Think Freely Media presents Common Sense with Paul Jacob

Is there a wisdom emanating from the great mass of Americans — a common sense?

A new USA Today/Bipartisan Policy Center poll found that Americans still possess a strong civic-mindedness, but are souring on government and politics: “Americans by more than 2-1 say the best way to make positive changes in society is through volunteer organizations and charities, not by being active in government.” This is even more true of younger people than older folks, like me.

And yet, despite the distaste increasing numbers of Americans have towards their governments, they aren’t turning against service. They’re just switching from the realm of the State to the realm of communities and non-profits.

This seems entirely rational, a welcome development. Rational, in that, yes, of course today’s big government politics is poisonous. And government doesn’t work the way people dream it might. It’s not magic. And there are sharp diminishing returns. That’s why the political realm works best when distinctly constrained.

That is, the best governments govern least, when limitations — constitutional checks and balances, a rule of law, term limits, etc. — are placed upon its operations.

Now, there’s no real magic in the non-profit sector, either. It’s not as easy to give effectively as it is garner donations from the sympathetic. But, more good news, the charitable sector may be on the brink of a major revolution, too.

While hordes of well-meaning folks turning off of politics may cede ground to the politically unsound, better, younger, and more enthusiastic (and even ambitious) folks entering the voluntary sector has to be a good thing.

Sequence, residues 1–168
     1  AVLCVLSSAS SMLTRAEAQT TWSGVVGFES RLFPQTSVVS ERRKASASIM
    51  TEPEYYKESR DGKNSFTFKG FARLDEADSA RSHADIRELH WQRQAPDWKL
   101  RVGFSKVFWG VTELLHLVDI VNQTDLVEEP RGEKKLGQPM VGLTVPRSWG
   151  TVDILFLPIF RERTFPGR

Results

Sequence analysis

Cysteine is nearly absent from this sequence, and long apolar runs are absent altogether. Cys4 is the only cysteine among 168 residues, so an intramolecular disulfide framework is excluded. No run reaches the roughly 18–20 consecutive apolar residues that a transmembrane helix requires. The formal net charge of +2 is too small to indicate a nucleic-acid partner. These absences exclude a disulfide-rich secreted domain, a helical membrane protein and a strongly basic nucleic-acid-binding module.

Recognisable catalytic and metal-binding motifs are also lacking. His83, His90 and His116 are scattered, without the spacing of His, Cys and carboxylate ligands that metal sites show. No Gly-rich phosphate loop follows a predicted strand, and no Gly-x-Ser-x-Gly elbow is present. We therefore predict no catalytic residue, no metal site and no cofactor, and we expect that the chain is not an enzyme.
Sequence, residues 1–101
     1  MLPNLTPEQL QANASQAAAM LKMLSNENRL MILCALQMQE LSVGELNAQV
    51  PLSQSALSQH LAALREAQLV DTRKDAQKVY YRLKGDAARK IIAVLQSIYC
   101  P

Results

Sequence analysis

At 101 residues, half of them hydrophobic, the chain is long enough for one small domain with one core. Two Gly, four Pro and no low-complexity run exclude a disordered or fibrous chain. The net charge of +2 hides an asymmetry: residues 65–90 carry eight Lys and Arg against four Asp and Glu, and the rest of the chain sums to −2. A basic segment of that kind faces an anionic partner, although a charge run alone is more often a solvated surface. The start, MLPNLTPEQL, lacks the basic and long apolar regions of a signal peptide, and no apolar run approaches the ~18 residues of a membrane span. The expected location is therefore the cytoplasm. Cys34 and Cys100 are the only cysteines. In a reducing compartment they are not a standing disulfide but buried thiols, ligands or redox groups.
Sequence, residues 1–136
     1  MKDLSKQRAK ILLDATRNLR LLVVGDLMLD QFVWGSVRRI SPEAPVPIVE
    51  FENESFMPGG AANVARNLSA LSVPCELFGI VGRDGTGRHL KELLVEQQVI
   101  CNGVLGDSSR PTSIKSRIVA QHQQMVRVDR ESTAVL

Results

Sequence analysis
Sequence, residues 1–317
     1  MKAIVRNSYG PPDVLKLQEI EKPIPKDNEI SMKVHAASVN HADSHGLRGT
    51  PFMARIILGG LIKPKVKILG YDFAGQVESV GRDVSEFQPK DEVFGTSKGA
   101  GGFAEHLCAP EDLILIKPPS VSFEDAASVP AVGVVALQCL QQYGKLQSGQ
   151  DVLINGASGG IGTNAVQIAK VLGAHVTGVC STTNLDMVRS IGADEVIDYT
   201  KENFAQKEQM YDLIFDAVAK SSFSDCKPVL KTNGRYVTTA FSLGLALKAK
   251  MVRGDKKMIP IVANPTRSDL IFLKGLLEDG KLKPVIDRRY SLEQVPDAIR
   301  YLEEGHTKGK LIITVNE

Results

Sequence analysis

This is Common Sense. I’m Paul Jacob.

By: Redactor


  1. John Mattacola says:

    I enjoy volunteering. It is good for the soul.

  2. MoreFreedom says:

    Unfortunately, too many non-profit employees are profiting from government grants, rather than from privately raised funds. Government does this because it’s more efficient than government run welfare. But that doesn’t remove the fact that the “contributions” to the charity were taken by force. Nor does it change the fact that the pay for many in non-profits, looks quite profitable, like the United Way where the head makes over $400,000/yr. Many people working for non-profits, get quite a profit from the time they sell. You could say, that Stalin ran a non-profit organization as well – what government is in the business of making a profit? None that I know of.

    I’m all for private charities, and not for government welfare whether done by government or non-profits.

  3. Pat says:

    The voluntary sector isn’t necessarily a private sector. Many who seek to ‘serve’ make their living off taxpayers every bit as much as those who work in government. While many people donate their time and effort toward making their community a better place, many others make a living off ‘public service’. That money comes from you and me.

  4. Jay says:

    Many “non-profits” aren’t really–in FL., there was a corp. set up as a “non-profit” ( and as I recall) run Internet cafe’s and donate the profit to charity –help disabled veterans, as I recall.

    They did donate 1/2 of 1% or so (sort of what Al Gore a few year ago gave to charity). So the FL legislature BANNED all Internet cafes including those that did nothing wrong. And some leading charities line the pockets of their executives very well.

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